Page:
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5 things learned: United States v Australia

Former Matildas players always believed they could beat the United States (and they had gone close) but after 27 matches without a win, it was time.

The last time Australia met the USA was in Winnipeg at the 2015 Women’s World Cup opening group match. Despite a spirited performance, Australia still came away with a 3-1 loss but they also came away with a team belief that they were on the right path and could mix it with any team in the world.

All that aside now, Australia have joined the sides that have taken down the powerhouse that is the number 1 ranked US Women’s National Team.

Here’s what we learned from Australia’s performance.

1. Mind game

If the Matildas believed they could win, the opening ten minutes was not the best advertisement of that belief. As it is with the USA, many teams are beaten before they even enter the pitch – such is the intimidation factor of the most successful team in women’s football.

After the US danced around the new look Australian defence early in an array of back heels and nutmegs, the team were able to pull things back with confidence and control – helped by a cracking save from Lydia Williams early.

“I think there’s been a lot of fear over the years but I think we busted that fear at the World Cup to be honest, even though we didn’t win that game the players got a lot of belief out of that game” – Alen Stajcic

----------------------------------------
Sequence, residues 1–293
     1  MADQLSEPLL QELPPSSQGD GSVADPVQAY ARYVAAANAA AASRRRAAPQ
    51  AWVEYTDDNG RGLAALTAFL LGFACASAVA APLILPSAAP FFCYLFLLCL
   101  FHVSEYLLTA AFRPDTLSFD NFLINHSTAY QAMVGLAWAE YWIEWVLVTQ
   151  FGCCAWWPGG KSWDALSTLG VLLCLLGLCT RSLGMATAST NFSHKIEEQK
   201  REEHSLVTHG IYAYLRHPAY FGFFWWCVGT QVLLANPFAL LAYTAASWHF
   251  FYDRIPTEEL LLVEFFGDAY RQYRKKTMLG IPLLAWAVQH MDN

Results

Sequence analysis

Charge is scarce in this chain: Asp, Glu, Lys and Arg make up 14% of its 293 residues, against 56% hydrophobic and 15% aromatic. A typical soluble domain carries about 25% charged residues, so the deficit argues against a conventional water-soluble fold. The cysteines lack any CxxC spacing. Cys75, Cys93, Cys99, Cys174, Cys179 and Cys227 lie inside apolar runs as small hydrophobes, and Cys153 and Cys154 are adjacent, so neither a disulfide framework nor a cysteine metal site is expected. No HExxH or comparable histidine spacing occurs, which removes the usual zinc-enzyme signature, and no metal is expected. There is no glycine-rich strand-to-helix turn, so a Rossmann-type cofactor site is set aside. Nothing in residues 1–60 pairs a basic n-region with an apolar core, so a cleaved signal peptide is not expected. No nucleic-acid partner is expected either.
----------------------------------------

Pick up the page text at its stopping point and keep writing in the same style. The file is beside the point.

In the past where opening domination has left the Matildas behind on the scoreboard, the team weathered the USA onslaught early and the midfield, led by Katrina Gorry and Emily van Egmond slowly began to get on top and were able to win back control of the play.

This likely attests to the growing maturity and experience of the Australian side. Teenager Ellie Carpenter is a case and point. As with several players, Carpenter started out the match shaky with in form USA superstar Megan Rapinoe carving out chances early.

Rapinoe is a master at starting wide and drifting inside and on several occasions the teenager was caught ball watching.  However, the teenager held strong in her defensive role and in the second half truly came into her own and challenged the American defence with several deep runs to feed the ball.

Late in the piece the USA, desperate to find at least an equaliser, brought out some big names to try and make something happen (O’Hara, Dunn, Lloyd, Morgan). While for a time the presence of these players would be daunting, and in the past Australia has not withstood the pressure – or maybe not truly believed – but this time Williams and the defensive unit did the hard work, made the covering tackles and pulled out the big saves.

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(Photo: Nikita Taparia)